Ferns

Well, the explanation is easier than you may realize. The sandstone making up this pile is very dense, so the core of the pile retains coolness as the outside heats up during the day. As the heat radiates off at night, the loose arrangement of the pile draws in outside air, and nighttime humidity is much higher, especially when the constant daytime southern wind lays off at night. That marginally more humid air enters the core and the moisture condenses on the cool rocks in the core, and you have an air well. It’s not enough water to keep humans alive, or even supply water for animals other than the occasional rattlesnake or spadefoot toad. For the ferns, though, it’s just right, and the thick spreads of mountain cedar all through the area discourage cattle, deer, or most other grazers from stripping the ferns right down to the soil line.

And as an extra, while the use of the term “Lost Quarry” leaves all sorts of implications, I’m sad to say that the Lost Quarry has no dinosaurs in it, fossilized or otherwise. Any fossil beds in the area dating from the Mesozoic Era were probably eroded away long before the last ice age, and every rock in the vicinity indigenous to the area dates to the Paleozoic. Depending upon your definition of “dinosaur”, the area may have some after all: what allowed me to find the Lost Quarry on this trip was being startled by a roadrunner so big that I was wondering if the ranch was raising acrocanthosaurs. The ranch already looks like the shooting location for a Ray Harryhausen movie, so this would just be par for the course.

Hints at upcoming projects

To quote Michelangelo, “When I steal an idea, I leave my knife.” This seemed to work for him, considering his career of artistic bootlegging, and it works here. Being a hopeless fan of the work of Alaska artists Scott Elyard and Raven Amos, I’ve argued for years that the gardening trade needs an alternative to flamingos and gnomes for garden ornamentation, and there’s no better alternative than a blatant plagiarism of Scott and Raven’s Dinosaurs and Robots exhibition. What better way to leave my knife than show the first part of a miniature garden series in progress?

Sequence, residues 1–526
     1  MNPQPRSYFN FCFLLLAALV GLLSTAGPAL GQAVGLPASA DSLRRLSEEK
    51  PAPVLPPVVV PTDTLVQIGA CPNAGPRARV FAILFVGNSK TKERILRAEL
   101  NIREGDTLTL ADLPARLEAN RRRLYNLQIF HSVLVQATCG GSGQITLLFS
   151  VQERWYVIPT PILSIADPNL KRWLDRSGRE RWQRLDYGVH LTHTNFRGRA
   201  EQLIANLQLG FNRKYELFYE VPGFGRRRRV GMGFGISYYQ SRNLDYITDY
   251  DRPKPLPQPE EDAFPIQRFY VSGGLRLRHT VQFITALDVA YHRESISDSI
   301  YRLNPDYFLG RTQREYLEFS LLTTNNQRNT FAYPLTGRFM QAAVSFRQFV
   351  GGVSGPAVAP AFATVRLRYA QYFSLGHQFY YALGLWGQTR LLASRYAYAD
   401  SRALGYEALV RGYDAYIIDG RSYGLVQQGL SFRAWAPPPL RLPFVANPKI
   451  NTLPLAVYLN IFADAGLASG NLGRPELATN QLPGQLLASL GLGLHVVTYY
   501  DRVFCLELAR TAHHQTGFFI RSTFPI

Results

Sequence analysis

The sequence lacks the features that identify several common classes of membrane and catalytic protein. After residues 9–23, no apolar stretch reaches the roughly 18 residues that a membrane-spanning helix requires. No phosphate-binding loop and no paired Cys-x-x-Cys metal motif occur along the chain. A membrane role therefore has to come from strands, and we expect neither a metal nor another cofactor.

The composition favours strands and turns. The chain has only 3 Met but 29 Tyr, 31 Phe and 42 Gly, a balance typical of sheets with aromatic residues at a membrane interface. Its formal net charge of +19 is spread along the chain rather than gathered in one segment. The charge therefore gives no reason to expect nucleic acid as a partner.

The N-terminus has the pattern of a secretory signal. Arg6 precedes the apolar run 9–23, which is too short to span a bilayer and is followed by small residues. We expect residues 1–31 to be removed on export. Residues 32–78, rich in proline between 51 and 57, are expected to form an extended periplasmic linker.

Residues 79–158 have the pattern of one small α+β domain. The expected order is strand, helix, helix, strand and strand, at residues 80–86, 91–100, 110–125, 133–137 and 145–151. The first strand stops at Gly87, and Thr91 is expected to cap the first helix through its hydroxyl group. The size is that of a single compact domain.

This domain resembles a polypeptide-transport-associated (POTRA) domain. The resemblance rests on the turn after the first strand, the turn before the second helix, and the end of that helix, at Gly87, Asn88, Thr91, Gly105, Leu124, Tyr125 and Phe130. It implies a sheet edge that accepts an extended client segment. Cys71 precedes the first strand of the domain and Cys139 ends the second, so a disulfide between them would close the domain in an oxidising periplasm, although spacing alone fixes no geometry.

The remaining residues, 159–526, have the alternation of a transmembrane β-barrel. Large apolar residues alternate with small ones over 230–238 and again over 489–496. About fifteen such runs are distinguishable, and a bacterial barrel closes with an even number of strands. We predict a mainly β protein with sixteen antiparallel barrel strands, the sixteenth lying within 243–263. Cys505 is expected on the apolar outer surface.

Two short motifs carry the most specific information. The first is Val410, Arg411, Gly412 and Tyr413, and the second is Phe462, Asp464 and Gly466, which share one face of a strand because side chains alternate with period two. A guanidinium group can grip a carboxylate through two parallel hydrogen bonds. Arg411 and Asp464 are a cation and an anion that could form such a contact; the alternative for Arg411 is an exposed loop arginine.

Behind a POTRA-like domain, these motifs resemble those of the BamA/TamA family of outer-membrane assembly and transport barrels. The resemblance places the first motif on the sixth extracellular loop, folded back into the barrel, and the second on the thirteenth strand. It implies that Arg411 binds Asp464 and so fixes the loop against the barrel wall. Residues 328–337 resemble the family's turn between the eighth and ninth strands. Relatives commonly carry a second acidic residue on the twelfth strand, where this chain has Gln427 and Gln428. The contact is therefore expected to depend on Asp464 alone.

Robosaur

Please note that this is just the bare start: besides constructing the rest of the series, this skeleton itself is nowhere near finished. Let’s just say that I’m very glad that I bought enough europium paint and ultraviolet LEDs for the project.
Robosaur

Robosaur

As for seeing the final series, you’ll have to wait. If this doesn’t add a bit of incentive for people to come out for FenCon X, I don’t know what will.

Tales From The Ranch: May 2013

Lookout Point

When most couples finally get a spare weekend free, they have all sorts of options. They could decide to spend more time with their kids, roughly about the time the kids are finishing up college and asking their parents “Mind if I move me and my English Lit degree back to my old room while I try to get a job with the local Borders store?” Others, with much younger children, have a relaxing time, hoping that nobody notices the recent Google searches on their computers for “recipes for laudanum”. In our case, our only children either mew or capture wayward insects, so holiday weekends belong to the Czarina’s family. Yep, it’s time for a new assemblage of “Tales From The Ranch” photos, including even more natural history and Texas history than before.

Quarry Face

Those stories are due over the next few weeks, but let’s start with the biggest news. The Czarina made a really impressive fossil discovery while we were wandering along the bottom of what was a limestone quarry in the mid-Seventies. As is her wont, she looked down, chirped “I wonder what that is?”, and promptly started attacking it with sharp implements. Fond memories of our wedding night. A few minutes of chipping through limestone shards and thick mud revealed this little surprise:

Calvinosaurus egg

Okay, we know that the stone of the quarry itself dates to the Pennsylvanian subperiod, but with various workings from the Mesozoic and Cenozoic. There’s always the possibility as well that this may have been introduced by Palaeoindians from another location and left in what is now the quarry. When we excavated it, I wasn’t going to get overly excited until we had the chance to look at the other side and view any markings on a surface that hadn’t seen sunlight in over a quarter-billion years.

Calvinosaurus egg 2

The markings confirm it: it’s a Calvinosaurus egg, and it’s probably still viable. Just wait until the guys at the Arlington Archosaur Site get a look at this! Better yet, is there any chance of officially describing Calvinosaurus czarina before it goes on a madcap rampage through downtown Dallas?

Image

Cat Monday

Cadigan

Have a Great Weekend